The Top 5 Most Common HIPAA Violations

The Health Insurance Portability and Accountability Act (HIPAA) has been in place for more than 20 years, but unfortunately, HIPAA violations still happen in the healthcare industry.

The HIPAA audit, on the other hand, is a methodology that the OCR follows which evaluates the policies, controls, and processes that covered entities or business associates are deploying to comply with HIPAA and preserve PHI (Protected Health Information) and ePHI. This evaluation is performed to determine whether or not the covered entity or business associate complies with HIPAA.

Statistics show that between 2009 and 2021, the Office for Civil Rights of the Department of Health and Human Services (HHS) received reports of 4,419 healthcare data breaches that included 500 or more records each time. Because of these breaches, over 310 million healthcare records have been lost, stolen, exposed, or shared without permission.

On the other hand, HIPAA breaches have resulted in more significant damage to the healthcare business, and ignorance is one of the primary factors contributing to these HIPAA violations.

In addition, typical breaches of HIPAA standards always have the potential to be extraordinarily devastating, especially on online HIPAA complaint forms, both to the practice that commits the violation and to the patients whose privacy is compromised as a result of the violation, regardless of how serious the violation is or how extensive it is.

In this article, we’ll talk about the top 5 reasons for HIPAA violations. However, before we start, ensuring HIPAA is followed by protecting PHI is a must, both from a business and a consumer’s point of view.

Source: patientcalls.com

HIPAA Violation 1: Failure to Conduct an Organization-wide Risk Analysis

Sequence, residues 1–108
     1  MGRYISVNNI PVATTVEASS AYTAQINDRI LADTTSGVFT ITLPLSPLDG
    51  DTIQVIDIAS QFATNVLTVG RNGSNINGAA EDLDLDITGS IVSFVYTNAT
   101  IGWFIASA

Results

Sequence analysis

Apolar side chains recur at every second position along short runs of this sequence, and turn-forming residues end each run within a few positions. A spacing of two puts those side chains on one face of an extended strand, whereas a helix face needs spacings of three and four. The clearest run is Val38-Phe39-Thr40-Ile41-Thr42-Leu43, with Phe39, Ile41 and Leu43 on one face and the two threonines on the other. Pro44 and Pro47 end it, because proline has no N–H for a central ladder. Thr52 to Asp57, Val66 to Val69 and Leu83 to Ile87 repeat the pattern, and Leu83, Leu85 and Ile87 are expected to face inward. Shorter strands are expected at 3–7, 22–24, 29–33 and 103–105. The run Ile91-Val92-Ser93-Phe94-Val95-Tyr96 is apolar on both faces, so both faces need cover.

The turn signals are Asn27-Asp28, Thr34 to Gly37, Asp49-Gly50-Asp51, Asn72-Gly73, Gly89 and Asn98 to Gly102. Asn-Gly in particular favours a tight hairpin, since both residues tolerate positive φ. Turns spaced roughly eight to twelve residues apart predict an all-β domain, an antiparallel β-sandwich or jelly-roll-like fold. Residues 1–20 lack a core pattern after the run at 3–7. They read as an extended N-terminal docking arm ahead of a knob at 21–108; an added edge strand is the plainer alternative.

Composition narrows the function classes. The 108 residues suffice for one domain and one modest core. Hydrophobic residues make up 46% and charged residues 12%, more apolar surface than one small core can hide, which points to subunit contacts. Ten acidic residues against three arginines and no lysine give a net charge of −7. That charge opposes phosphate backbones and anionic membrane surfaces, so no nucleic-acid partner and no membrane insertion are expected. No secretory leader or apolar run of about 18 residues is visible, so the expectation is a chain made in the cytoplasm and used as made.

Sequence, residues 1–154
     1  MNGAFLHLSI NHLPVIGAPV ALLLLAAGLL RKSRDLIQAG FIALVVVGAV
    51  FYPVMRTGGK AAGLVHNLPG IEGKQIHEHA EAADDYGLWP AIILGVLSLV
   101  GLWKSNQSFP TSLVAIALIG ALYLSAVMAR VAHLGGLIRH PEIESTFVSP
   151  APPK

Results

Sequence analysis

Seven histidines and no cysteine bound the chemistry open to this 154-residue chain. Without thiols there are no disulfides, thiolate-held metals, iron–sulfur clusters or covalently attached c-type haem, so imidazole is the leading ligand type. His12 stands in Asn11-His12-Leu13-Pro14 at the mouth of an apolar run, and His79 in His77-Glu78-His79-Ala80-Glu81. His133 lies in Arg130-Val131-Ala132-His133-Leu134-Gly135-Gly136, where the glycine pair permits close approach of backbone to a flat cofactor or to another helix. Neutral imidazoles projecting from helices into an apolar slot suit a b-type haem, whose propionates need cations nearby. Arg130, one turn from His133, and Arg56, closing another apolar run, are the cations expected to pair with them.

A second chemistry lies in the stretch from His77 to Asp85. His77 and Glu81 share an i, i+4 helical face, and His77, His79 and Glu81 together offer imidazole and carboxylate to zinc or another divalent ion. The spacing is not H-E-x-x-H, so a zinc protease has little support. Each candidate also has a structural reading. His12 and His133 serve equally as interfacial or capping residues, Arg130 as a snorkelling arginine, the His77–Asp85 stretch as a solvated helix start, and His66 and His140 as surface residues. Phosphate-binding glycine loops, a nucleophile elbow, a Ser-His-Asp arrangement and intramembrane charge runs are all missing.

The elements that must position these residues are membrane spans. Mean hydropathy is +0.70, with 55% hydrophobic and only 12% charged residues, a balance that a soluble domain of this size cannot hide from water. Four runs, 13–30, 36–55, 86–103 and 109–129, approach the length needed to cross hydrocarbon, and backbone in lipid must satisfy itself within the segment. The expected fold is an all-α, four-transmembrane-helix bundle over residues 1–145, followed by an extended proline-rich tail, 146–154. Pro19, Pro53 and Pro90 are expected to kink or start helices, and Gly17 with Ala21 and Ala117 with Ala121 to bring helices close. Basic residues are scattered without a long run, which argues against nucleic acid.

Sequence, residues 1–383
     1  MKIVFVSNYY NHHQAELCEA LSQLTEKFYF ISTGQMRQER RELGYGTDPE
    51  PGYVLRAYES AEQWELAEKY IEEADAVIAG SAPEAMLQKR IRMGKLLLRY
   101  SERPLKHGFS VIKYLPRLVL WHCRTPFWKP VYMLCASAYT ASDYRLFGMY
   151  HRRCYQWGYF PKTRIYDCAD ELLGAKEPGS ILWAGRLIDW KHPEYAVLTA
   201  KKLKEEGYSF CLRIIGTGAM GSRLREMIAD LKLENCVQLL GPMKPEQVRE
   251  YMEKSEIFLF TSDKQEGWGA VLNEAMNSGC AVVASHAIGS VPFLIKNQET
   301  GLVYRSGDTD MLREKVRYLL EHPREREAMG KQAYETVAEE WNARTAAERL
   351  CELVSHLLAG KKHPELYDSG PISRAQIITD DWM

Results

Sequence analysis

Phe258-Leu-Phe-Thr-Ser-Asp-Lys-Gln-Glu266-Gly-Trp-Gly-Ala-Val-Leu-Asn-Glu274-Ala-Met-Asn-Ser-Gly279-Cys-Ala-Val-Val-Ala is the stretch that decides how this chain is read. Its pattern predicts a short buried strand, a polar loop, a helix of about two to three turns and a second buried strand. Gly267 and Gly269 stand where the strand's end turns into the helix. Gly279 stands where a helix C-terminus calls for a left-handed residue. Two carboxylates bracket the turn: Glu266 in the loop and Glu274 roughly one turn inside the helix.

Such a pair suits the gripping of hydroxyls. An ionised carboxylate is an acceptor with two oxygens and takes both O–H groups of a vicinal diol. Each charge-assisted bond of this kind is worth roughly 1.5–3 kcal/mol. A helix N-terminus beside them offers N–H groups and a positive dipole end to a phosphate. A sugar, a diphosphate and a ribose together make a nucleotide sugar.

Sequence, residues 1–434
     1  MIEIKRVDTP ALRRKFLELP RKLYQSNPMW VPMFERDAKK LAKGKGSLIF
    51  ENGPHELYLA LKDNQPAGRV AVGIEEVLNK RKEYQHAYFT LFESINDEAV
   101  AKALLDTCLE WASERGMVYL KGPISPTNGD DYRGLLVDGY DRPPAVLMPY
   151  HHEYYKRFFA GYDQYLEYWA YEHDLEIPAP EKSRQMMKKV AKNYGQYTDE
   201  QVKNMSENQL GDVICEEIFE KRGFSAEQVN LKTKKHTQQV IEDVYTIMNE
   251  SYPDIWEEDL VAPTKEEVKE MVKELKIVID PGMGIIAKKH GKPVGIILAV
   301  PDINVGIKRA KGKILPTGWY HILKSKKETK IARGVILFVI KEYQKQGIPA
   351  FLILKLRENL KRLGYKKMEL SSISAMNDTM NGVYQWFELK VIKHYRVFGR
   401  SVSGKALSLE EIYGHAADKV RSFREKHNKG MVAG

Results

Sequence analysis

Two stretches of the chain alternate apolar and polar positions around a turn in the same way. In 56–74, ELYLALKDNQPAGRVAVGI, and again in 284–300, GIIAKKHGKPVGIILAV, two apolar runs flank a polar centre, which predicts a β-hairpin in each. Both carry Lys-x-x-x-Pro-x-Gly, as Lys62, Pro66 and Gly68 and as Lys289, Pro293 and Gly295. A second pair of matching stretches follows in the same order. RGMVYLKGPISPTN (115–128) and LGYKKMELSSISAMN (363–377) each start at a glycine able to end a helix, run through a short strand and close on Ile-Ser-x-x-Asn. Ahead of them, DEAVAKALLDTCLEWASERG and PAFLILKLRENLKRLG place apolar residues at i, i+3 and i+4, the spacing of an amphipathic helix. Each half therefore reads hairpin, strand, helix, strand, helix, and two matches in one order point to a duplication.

For a business to become compliant with its security rules, the first step is to conduct a risk analysis. Risk analysis is an ongoing process that should give the organization a complete picture of the threats to the availability, integrity, and privacy of electronically protected health information (e-PHI).

However, risk assessment of a covered entity’s or its business associate’s healthcare organization is required under the HIPAA Security Rule. This rule applies to covered entities as well as business partners.

Additional infractions are committed directly due to the inability to effectively manage security risks and the absence of a strategy for doing so. Therefore, following the completion of the study, a risk management approach should be implemented to address any risks discovered.

In addition, vulnerabilities and threats should be prioritized and handled within a reasonable amount of time.

For not doing the risk assessment, doctors have been fined anywhere from $7 million to $100,000. However, this is due to the fact that the systems in use require improved security.

HIPAA Violation 2: Lack of Encryption

End-to-end encryption (E2EE) is strongly recommended by the HIPAA encryption rules for both covered organizations and business associates.

End-to-end encryption is a way to encrypt data transfers from start to finish, making sure that only the sender and the intended recipient can read or access the data.